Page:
U.S. Moves to Tighten Visa Waiver Program After Paris Attacks

30 Nov 2015 | Author: | No comments yet »

After Paris, Obama Administration Changes Visa Waiver Program.

WASHINGTON (AP) — Majority Leader Kevin McCarthy says the House will aim to pass legislation by year’s end overhauling a program that allows visa-free travel to the U.S.Stung by criticism that President Obama lacks a strategy to defeat the Islamic State, the White House blasted CongressMonday for shirking its responsibility to pass measures to defend the homeland.

The Obama administration has announced some changes to the visa waiver program, which allows travelers from some 38 countries including France, Belgium and other European countries, to come to the U.S. without a visa.WASHINGTON — The United States will begin screening passengers entering the United States under a visa waiver based on any past travel to a country known as a terrorist safe haven, the Obama administration announced Monday. White House press secretary Josh Earnest said lawmakers have been busy “posturing” over security but have taken few, if any, concrete action to protect Americans from terrorist attacks. But among Britain’s 50 million passport holders, an estimated five million currently possess older travel documents which do not contain a biometric microchip.

He outlined several steps that the administration is taking in the wake of the Paris terrorist attacks on Nov. 13 and called on lawmakers to act on four security proposals before leaving Washington for the Christmas holiday later next month. “We are clear-eyed about the stakes,” Mr. It is also promising reports to the president in two months from the State Department and the FBI about how to include better fingerprinting and photographing, as well as an evaluation of the state of intelligence coordination between the U.S. and its allies. The Homeland Security Department is modifying travel authorization applications to capture information from travelers who in the past have been in any country deemed a terrorist haven. They include requiring all countries to issue electronic passports and requiring all passengers to be screened against a database of lost and stolen passports.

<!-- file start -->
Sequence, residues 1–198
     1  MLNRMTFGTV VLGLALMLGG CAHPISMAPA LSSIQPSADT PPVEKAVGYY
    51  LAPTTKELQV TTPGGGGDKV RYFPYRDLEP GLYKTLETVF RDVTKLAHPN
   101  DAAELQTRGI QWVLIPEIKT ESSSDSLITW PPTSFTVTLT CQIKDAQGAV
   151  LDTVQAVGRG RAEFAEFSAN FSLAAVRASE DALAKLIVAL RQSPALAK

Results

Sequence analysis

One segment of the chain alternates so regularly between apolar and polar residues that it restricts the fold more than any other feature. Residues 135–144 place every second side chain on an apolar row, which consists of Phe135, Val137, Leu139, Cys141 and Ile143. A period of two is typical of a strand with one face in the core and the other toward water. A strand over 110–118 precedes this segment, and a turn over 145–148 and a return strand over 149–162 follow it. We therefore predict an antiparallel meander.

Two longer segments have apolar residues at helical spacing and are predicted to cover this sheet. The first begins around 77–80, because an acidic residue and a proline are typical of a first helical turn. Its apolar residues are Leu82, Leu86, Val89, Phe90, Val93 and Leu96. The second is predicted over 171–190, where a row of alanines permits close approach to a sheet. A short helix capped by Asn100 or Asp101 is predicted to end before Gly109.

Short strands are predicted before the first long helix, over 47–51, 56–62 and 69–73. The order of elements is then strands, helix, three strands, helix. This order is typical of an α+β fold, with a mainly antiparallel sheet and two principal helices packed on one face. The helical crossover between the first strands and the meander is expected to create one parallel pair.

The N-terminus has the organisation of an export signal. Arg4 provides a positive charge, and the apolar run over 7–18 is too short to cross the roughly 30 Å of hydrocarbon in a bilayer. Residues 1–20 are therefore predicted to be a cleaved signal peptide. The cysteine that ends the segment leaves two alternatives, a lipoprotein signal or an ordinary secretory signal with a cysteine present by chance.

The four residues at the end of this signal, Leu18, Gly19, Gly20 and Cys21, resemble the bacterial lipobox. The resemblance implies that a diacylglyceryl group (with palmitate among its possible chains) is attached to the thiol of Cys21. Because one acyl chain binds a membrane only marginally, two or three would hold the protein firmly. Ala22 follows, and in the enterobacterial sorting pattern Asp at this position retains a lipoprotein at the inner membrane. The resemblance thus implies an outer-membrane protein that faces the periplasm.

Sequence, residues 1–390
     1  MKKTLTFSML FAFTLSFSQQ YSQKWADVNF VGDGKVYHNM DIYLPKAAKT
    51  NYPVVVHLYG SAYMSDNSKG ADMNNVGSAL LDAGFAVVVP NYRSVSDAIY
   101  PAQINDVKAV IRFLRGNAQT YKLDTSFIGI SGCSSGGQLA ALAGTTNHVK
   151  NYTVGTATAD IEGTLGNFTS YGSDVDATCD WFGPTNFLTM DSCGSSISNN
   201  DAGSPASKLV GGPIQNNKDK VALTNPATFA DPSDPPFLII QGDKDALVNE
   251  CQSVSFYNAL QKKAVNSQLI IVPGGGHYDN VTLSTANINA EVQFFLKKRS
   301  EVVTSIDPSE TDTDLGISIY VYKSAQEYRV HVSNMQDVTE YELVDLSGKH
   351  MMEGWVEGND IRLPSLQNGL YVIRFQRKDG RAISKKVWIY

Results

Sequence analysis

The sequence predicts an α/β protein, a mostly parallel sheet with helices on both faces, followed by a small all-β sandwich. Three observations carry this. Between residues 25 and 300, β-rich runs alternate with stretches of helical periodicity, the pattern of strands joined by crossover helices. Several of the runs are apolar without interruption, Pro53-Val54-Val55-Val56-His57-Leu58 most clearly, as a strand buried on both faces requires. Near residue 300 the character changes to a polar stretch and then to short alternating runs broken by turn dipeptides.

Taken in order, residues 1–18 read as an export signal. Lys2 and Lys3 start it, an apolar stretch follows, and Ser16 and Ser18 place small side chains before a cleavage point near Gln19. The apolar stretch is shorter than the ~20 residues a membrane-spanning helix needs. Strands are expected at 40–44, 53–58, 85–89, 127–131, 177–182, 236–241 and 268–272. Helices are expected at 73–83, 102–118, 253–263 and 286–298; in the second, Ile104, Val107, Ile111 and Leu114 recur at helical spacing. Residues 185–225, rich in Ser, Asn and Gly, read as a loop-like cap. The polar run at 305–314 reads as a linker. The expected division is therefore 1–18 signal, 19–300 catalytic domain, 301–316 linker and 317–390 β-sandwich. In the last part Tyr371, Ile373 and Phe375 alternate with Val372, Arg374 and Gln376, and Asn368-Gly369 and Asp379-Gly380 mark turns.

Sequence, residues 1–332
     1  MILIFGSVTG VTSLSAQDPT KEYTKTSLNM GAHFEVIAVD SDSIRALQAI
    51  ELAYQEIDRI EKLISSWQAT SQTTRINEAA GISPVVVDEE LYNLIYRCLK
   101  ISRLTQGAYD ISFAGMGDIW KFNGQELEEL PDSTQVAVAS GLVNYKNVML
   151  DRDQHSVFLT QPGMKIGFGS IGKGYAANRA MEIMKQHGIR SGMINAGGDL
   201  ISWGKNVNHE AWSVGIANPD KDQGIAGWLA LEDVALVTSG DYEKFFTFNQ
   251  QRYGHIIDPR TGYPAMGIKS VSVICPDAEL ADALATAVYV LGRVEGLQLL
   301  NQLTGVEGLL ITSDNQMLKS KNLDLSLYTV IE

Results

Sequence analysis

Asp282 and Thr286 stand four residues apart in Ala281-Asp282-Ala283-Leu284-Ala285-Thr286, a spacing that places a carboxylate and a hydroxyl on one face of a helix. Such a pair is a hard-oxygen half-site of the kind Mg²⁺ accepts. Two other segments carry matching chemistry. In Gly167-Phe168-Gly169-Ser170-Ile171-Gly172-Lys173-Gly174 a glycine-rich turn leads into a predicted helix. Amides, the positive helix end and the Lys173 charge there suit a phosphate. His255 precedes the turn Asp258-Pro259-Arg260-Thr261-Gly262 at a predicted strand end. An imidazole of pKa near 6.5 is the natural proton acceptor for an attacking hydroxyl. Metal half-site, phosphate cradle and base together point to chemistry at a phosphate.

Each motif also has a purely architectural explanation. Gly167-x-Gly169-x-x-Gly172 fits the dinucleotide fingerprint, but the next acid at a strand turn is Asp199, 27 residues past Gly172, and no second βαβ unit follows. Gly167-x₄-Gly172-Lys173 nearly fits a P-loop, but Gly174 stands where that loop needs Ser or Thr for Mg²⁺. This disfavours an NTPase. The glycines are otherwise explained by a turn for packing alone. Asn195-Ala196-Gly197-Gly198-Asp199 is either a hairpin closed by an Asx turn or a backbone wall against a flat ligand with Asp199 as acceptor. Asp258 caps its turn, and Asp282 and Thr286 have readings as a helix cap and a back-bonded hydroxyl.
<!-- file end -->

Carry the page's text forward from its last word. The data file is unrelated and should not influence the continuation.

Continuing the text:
Apart from Britain, 37 other countries are permitted to take part in the existing visa waiver scheme, allowing visitors to remain in the US for up to 90 days. He also urged Congress to confirm the Treasury Department’s top counterterrorism official, ban people on the “no fly” list from buying guns, and update the legal authority to use military force against terrorist groups. The microchips were first introduced in Britain in 2006, and with 50 million UK passports in total in circulation it means roughly five million non-biometric documents have about a year left to run before they expire.

For example, DHS and the Terrorist Screening Center will assist all interested VWP countries in screening refugees or asylum seekers, including through the application of extensive terrorism information already provided to VWP members and through piloting capability for conducting near real time biometric checks. “· The Secretaries of DHS, State, and Commerce will promote the Global Entry program among VWP partners to further expand this trusted traveler program, which includes biometrics. “· The Secretary of Homeland Security will work with Congress to seek authority to increase Advance Passenger Information System (APIS) fines from $5,000 to $50,000 for air carriers that fail to verify a traveler’s passport data. “· The Departments of Homeland Security and State, the Federal Bureau of Investigation, and U.S. intelligence community elements will deploy Foreign Fighter Surge Teams to work with countries to counter terrorist travel. “· The Departments of Homeland Security and State will encourage and provide assistance as needed to enhance border security and legislation related to FTFs of our partner countries, and encourage more robust information sharing, better use of shared information, and more effective and efficient coordination between our partners.” But Congress was had already considering legislative changes in the visa-waiver program as early as September, when a House Homeland Security Committee task force recommended updating passports to include identifying information embedded in a microchip.

The actions come even as President Obama is moving ahead with plans to accept 10,000 Syrian refugees next year, a proposal the House has voted to delay due to concerns about terrorism. Senate Democrats unveiled proposals Nov. 19 to require interviews at U.S. consulates overseas for any travelers from visa-waiver countries who have visited Syria or Iraq during the previous five years. The administration said it will also look at pilot programs using biometrics to bolster security; and identify countries that are “deficient” in cooperating with the program.

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